Monday, September 28, 2015

What a load of rubbish!

In common with most cities around the world, Harare has 2 faces - one pristine and the other slightly shabby and unkempt.

Today I have some photos of my new home which show just how much refuse collection and disposal has deteriorated in what used to be called "The Sunshine City". Our 'City Fathers' may well be accused of abrogating their responsibilities - but what do I know? You be the judge:

And I must admit that I am feeling slightly guilty at posting this blog because it shows Zimbabwe in the worst light (especially the last photo) - while I generally try and showcase the best and funniest we have to offer.

Apologies in advance for the sordid posting.

This may not be how all those very many folk living outside the country will remember Harare. It used to be a fairly pristine city, but has slowly deteriorated to a typically African urban scene:

So much easier to wade through it than pick it up? And - those who have gone - did you notice the Dairibord Icecream lady just intruding into the photo?

The following photo was taken of the vehicle that we used for shopping when I was at Pamuzinda. It is not staged in any way, and the trash piled at the wheels was there when we parked.

On one of the roads leading out of Harare, this is the sight that greets travelers:

This is the same road leading out of Harare - festooned with plastic. Most of the items pictured are plastic shopping bags and bread sleeves. And on the right of the picture you can see a newly-ploughed field, ready for planting in anticipation of the rains

And here is a picture of the same field - prepared just the day before, but now with a liberal smattering of plastic and other trash. The field is adjacent to the road pictured above.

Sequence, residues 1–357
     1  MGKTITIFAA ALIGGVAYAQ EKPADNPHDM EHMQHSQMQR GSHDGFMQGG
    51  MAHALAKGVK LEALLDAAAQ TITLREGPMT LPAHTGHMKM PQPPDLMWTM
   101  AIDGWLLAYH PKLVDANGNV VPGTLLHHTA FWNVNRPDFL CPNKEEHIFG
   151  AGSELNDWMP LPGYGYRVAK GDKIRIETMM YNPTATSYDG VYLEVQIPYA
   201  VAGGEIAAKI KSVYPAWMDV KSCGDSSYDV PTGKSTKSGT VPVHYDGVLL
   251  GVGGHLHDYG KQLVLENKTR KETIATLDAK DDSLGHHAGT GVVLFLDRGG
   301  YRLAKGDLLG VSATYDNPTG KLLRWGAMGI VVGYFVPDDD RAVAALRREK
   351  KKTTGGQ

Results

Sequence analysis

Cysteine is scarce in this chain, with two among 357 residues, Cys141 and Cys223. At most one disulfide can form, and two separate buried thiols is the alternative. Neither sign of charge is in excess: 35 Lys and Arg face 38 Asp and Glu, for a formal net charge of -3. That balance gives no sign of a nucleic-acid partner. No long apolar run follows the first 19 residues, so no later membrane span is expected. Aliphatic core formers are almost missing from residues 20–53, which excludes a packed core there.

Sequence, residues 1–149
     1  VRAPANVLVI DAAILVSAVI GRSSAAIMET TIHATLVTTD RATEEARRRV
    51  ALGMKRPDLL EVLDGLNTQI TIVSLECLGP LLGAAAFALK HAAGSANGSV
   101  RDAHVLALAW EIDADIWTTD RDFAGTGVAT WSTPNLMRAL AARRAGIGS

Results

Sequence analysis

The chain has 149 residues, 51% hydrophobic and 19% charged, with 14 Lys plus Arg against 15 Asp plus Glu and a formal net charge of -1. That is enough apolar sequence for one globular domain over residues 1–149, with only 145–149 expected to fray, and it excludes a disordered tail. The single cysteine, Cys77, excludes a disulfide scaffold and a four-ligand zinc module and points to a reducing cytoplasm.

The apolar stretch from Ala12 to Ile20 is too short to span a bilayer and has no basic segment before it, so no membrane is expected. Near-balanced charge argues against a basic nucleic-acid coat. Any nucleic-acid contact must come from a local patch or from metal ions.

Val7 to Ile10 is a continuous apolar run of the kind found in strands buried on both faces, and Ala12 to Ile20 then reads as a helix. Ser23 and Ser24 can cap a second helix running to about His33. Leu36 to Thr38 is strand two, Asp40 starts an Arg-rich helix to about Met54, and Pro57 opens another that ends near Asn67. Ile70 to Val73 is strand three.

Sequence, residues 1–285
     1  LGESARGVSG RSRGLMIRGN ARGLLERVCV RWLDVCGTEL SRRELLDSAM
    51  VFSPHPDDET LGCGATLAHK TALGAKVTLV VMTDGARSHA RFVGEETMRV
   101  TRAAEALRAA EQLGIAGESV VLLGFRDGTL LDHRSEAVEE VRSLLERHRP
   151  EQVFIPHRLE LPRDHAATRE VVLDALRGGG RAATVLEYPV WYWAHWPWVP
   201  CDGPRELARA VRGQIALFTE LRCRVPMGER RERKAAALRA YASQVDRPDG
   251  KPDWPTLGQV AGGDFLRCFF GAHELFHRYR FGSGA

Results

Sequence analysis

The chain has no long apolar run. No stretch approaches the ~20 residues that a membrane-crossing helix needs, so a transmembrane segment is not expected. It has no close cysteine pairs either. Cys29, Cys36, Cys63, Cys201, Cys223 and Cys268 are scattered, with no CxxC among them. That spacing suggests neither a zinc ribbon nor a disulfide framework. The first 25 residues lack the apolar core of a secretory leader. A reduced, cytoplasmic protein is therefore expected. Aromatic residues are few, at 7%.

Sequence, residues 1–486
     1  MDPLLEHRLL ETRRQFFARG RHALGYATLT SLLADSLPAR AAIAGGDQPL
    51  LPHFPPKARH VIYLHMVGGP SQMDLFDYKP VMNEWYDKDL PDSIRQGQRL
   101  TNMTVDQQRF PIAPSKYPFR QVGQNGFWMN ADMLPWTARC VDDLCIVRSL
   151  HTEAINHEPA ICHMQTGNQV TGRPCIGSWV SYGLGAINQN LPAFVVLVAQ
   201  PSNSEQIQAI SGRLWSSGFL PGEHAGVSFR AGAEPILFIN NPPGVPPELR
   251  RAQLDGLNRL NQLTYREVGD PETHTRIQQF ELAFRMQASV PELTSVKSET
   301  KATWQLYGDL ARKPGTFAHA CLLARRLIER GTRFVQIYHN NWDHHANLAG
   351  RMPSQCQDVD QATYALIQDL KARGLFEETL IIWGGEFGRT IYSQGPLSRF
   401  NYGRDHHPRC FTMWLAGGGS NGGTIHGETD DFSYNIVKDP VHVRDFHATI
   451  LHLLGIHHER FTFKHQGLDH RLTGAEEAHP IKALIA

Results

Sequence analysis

So where was this road leading? Well, to the Wingate Park Golf Club, where I had the pleasure of a leisurely 18 last Friday.And the golf club is  situated right next door . . . . to the Harare Municipal Dump. Which is the source of all of the plastic blowing about the countryside in the preceding 3 photos!

The expansion of the dump towards the golf club has led to a rather unique golfing experience on a golf course which, while not top-drawer, is certainly a pleasant play. This is my friend Ben (who carded a fantastic eagle on this day) sending another bullet straight down the fairway - with a mountain of plastic in the background. A picture of the dump as seen from the Tee Box. The bulk of this is  . . . . plastic water bottles. Unbelievably.

A view not restricted to the tee boxes either.

A couple of the greens have found that the expansion of the dump has somewhat detracted from the views as envisioned by the original course architects:

And like rubbish dumps (or tips?) all over the world, the Harare Municipal Dump supports a parallel world - people who work, eat and sleep there, spending their days going through other people's leavings for a living. In the picture below you can see 3 of these 'gleaners' hard at work.

A bit like the 'spot the cat' picture, isn't it? Bet you missed the figure on the extreme left?

And now for a picture of some real rubbish.

For which I am solely responsible.

And I would just advise those of you with a nervous disposition to look away now, and page back to the top.

Because this is rubbish of the worst kind.

And it was seen all over the golf course!

So, there you have it

Rubbish . . . . . everywhere!

Have a great day.

Wednesday, September 23, 2015

Puppy for sale.

Today's blog is not in the normal flow of things because we have a puppy to sell.

Due to unforeseen circumstances, one of our puppies is now available. Most folk let pups go at 6 weeks, but I like to keep them to just under 8 weeks, and so Moto-moto will be ready for a new home by Tuesday 29th September. Cost is $300

This is the fellow now available:

And another view of the little chap from close-up.